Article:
So it is little wonder that the Review of U.S. Human Spaceflight Plans Committee has been expressing concern. If the committee's public comments are any indication, its findings will be grim: NASA's recent budget cuts render the current manned mission plan impossible. This is not the first time NASA's plans have suffered from lack of fiscal foresight: Once the international space station is completed next year, the current budget calls for deorbiting it by 2016. Maybe it's time to take a step back to assess the right role for a manned space program that requires billions of dollars annually -- and for what? Certainly, boldly going where no man has gone before is an American creed. But with the advent of increasingly complex and precise instruments, science in space requires less and less input from astronauts. Groundbreaking research can occur without humans -- witness the Mars Rover and Hubble telescope. NASA should not have to sacrifice programs that are truly ground-breaking -- researching dark matter, black holes and gravitational fields of space objects -- to keep the international space station manned and supplied.

Now that the station is nearly complete, this might be an optimal time to open space to entrepreneurs. Many companies claim they possess the capacity to transport humans and payloads into space; the review committee found their reports convincing enough to suggest that these space entrepreneurs could take over the transport of astronauts and supplies to the space station after the shuttle program ends.

Robert Pearlman
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posted 09-08-2009 01:57 PM     Click Here to See the Profile for Robert Pearlman   Click Here to Email Robert Pearlman     Edit/Delete Message   Reply w/Quote
The summary report (PDF) of the U.S. Review of U.S. Human Space Flight Plans Committee has been released. It is worthwhile to read the entire 12-page document but here is their summary of key findings:
The Committee summarizes its key findings below. Additional findings are included in the body of the report.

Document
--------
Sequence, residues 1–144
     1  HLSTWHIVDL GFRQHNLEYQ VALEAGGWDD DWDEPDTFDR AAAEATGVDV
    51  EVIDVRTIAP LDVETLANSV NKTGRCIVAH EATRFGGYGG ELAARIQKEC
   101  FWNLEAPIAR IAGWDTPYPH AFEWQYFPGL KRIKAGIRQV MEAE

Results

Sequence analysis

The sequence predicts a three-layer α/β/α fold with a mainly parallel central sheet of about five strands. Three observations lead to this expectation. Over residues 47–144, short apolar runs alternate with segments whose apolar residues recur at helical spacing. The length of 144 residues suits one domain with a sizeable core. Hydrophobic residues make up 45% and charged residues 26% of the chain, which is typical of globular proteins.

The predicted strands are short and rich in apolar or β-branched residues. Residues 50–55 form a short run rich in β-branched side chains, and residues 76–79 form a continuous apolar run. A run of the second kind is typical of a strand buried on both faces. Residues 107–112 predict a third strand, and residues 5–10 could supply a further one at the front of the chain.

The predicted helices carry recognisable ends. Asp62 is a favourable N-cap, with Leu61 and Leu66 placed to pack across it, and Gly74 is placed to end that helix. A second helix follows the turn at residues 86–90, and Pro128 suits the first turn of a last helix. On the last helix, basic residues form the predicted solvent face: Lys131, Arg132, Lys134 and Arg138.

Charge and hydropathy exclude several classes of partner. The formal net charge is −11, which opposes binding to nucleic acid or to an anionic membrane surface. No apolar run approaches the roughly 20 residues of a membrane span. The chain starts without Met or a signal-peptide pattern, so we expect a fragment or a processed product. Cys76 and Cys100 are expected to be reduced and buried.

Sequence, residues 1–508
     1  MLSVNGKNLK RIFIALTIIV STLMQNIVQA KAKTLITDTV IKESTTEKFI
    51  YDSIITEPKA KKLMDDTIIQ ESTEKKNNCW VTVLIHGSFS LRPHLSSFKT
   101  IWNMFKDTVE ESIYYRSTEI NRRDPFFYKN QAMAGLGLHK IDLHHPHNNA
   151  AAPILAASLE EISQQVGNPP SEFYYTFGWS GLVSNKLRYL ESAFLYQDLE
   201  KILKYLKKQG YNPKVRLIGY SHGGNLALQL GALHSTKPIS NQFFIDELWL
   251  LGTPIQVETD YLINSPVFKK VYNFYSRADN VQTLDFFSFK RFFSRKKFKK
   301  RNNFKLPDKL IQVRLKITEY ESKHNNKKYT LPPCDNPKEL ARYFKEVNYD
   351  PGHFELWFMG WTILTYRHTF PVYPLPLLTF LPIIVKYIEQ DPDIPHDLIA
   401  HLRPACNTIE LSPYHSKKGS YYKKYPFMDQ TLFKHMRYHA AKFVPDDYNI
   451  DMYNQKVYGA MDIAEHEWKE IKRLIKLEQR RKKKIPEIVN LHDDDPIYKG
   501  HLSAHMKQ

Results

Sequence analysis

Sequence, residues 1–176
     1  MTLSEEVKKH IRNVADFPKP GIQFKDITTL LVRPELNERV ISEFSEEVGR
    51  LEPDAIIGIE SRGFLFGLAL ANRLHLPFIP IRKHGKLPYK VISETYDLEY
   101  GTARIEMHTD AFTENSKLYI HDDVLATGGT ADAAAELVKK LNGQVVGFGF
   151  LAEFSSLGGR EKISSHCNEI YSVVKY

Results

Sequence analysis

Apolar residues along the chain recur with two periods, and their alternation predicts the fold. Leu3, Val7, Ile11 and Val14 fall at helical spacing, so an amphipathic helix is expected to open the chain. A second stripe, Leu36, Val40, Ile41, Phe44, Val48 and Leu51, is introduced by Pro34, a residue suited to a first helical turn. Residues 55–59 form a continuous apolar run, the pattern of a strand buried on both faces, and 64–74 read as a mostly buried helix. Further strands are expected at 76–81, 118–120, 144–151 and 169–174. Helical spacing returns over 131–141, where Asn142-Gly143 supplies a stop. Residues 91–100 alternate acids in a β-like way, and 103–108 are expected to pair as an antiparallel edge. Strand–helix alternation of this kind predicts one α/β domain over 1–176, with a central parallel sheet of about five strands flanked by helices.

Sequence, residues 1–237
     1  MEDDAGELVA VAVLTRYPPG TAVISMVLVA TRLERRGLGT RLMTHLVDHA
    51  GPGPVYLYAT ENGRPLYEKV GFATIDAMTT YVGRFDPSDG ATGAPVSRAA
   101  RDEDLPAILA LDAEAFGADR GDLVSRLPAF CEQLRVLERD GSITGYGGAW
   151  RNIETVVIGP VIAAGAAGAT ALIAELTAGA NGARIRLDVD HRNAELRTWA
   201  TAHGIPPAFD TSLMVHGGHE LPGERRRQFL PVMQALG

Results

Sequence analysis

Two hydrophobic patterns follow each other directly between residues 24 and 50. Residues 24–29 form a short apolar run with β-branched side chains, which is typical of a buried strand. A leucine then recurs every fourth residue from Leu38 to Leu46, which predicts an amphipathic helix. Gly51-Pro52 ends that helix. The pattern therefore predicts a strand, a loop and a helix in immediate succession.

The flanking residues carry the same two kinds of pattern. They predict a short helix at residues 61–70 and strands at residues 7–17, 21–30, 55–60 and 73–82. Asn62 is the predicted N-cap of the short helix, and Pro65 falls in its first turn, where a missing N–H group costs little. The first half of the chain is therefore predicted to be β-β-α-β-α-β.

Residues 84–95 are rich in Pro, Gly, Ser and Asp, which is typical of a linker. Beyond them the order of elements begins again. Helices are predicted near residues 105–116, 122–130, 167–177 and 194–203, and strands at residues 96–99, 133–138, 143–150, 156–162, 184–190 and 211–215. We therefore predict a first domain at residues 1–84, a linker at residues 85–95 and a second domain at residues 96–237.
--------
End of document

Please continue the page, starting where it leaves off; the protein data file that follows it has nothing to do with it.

The right mission and the right size: NASA’s budget should match its mission and goals. Further, NASA should be given the ability to shape its organization and infrastructure accordingly, while maintaining facilities deemed to be of national importance.

International partnerships: The U.S. can lead a bold new international effort in the human exploration of space. If international partners are actively engaged, including on the “critical path” to success, there could be substantial benefits to foreign relations, and more resources overall could become available.

Short-term Space Shuttle planning: The current Shuttle manifest should be flown in a safe and prudent manner. The current manifest will likely extend to the second quarter of FY 2011. It is important to budget for this likelihood.

The human-spaceflight gap: Under current conditions, the gap in U.S. ability to launch astronauts into space will stretch to at least seven years. The Committee did not identify any credible approach employing new capabilities that could shorten the gap to less than six years. The only way to significantly close the gap is to extend the life of the Shuttle Program.

Extending the International Space Station: The return on investment to both the United States and our international partners would be significantly enhanced by an extension of ISS life. Not to extend its operation would significantly impair U.S. ability to develop and lead future international spaceflight partnerships.

Heavy-lift: A heavy-lift launch capability to low-Earth orbit, combined with the ability to inject heavy payloads away from the Earth, is beneficial to exploration, and it also will be useful to the national security space and scientific communities. The Committee reviewed: the Ares family of launchers; more directly Shuttle-derived vehicles; and launchers derived from the EELV family. Each approach has advantages and disadvantages, trading capability, lifecycle costs, operational complexity and the “way of doing business” within the program and NASA.

Commercial crew launch to low-Earth orbit: Commercial services to deliver crew to low-Earth orbit are within reach. While this presents some risk, it could provide an earlier capability at lower initial and lifecycle costs than government could achieve. A new competition with adequate incentives should be open to all U.S. aerospace companies. This would allow NASA to focus on more challenging roles, including human exploration beyond low-Earth orbit, based on the continued development of the current or modified Orion spacecraft.